Primary care access, including sufficient facilities, resources, and staffing, is critical to improving individual and community health. According to Contribution of Primary Care to Health Systems and Health, for groups facing barriers to care such as rural residents the benefits of improving primary care access include early disease detection and improved health behaviors. Coordinating care programs across the community creates a sustainable partnership able to be maintained and expanded. It also allows those closest to problems to be directly involved in facilitating solutions.
Van Dyne says rural health leaders often have to think outside the box to overcome the challenges they face. For instance, MRHA has taken a step towards solving the transportation gap by implementing HealthTran. HealthTran offers patients in the community volunteer-driven rides to and from health and wellness appointments. Over time, riders and volunteer drivers build rapport and establish family-like friendships. Providing patients affordable ride options with a cheerful face reduces missed appointments, increases independence, and creates sustainable community connections. MRHA’s James A. McGee, RN, Sandra Morris, and Regan Alewine will all present on HealthTran during breakout sessions during the conference.
Other presentation topics include mental health and stigmas, gun violence, care coordination, telehealth, teledentistry, among others. Van Dyne recommends going to breakout sessions outside of your area of expertise. Those unfamiliar to rural areas, such as providers in more urban areas or those new to the health care field, are encouraged to participate. Even if solutions for rural areas don’t translate to urban spaces seamlessly, the different experiences shared at the conference can offer new perspectives to universal barriers. “If you’ve ever had questions about rural health or the innovative things going on in our area pertaining to health care, this is a fantastic time to come and learn,” said Van Dyne.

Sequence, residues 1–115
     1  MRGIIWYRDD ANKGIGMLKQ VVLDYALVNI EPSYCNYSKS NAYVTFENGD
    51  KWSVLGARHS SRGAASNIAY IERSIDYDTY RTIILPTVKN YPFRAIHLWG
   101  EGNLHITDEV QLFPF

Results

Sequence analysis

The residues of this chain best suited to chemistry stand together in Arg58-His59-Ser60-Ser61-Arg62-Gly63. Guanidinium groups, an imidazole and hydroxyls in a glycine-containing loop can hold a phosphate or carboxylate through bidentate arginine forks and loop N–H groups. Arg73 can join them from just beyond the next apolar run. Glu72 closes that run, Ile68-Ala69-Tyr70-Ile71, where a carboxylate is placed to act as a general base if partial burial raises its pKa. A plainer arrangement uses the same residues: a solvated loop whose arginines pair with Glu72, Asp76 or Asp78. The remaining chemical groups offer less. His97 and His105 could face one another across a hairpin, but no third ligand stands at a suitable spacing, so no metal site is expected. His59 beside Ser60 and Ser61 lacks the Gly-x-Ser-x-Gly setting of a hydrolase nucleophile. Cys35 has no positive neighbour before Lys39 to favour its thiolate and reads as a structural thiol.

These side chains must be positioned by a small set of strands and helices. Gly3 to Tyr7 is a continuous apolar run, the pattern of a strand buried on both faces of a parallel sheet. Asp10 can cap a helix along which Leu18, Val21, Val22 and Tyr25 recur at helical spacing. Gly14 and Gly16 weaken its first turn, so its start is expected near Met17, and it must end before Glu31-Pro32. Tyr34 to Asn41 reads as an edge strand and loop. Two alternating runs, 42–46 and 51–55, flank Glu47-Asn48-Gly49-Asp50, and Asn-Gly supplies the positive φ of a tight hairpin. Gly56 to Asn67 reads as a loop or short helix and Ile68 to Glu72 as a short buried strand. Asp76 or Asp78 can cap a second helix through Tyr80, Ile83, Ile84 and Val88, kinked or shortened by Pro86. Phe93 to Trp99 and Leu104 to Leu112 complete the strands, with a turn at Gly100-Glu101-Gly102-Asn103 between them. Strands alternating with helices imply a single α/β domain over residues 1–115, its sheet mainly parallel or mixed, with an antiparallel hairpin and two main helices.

Van Dyne, along with MRHA Board President Patty Miller, will kick off the conference Wednesday morning with a Welcome keynote address. Following their welcome will be Brock Slabach, MPH, FACHE, Sr. Vice President for Member Services of the National Rural Health Association. Slabach will give a keynote titled The Landscape of Rural Health, offering an overview of what the last few years have meant to rural health, especially during the COVID-19 pandemic.
At this time, Van Dyne said they are adhering to all CDC guidelines and local county health guidelines as they change for the duration of the conference. “We always, always encourage people to wear masks, especially if you haven’t been vaccinated, and we encourage you to get vaccinated if you haven’t been.”
The conference offers a wide range of investment and sponsorship opportunities to showcase an organization, business, or product. Breakout session moderators are given a two-minute time slot to introduce the session as well as highlight their organization’s name and product or service. An exhibit exposition will be available most of the conference including during refreshment breaks. Vendors with innovative products and technology transforming rural health are encouraged to sign up for a booth within the exposition. Organizations can sponsor the conference and receive a vendor booth, recognition on the MRHA website, and other perks.
Though vendor booths are filling up quickly, spots are still available. Click here to learn more about exhibitor registration.
What can attendees expect?